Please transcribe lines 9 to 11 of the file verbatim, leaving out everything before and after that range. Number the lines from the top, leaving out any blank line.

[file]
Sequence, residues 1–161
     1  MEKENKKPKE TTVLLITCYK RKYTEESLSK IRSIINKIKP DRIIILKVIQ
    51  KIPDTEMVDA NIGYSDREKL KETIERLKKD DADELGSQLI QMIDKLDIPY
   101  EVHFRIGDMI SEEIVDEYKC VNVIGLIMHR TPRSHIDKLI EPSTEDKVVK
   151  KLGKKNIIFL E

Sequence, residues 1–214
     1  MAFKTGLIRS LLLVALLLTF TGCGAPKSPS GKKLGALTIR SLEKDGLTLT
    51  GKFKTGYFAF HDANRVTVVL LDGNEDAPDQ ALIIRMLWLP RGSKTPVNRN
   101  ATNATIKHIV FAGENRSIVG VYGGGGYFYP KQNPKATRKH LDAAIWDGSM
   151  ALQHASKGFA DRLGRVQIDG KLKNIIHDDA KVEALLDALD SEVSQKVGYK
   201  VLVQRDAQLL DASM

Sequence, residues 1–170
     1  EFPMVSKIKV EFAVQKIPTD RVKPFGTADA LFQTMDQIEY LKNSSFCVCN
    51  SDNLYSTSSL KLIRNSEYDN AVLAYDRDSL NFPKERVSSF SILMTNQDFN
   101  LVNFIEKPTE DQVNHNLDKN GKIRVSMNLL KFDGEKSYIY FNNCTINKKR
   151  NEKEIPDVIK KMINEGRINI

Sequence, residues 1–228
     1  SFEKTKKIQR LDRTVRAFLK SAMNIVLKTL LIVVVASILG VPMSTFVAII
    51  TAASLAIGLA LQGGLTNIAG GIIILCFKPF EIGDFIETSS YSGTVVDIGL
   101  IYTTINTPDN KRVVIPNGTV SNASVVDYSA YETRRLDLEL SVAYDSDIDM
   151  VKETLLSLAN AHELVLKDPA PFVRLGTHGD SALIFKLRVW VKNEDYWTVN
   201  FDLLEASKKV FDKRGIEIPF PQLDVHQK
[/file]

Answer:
   101  ATNATIKHIV FAGENRSIVG VYGGGGYFYP KQNPKATRKH LDAAIWDGSM
   151  ALQHASKGFA DRLGRVQIDG KLKNIIHDDA KVEALLDALD SEVSQKVGYK
   201  VLVQRDAQLL DASM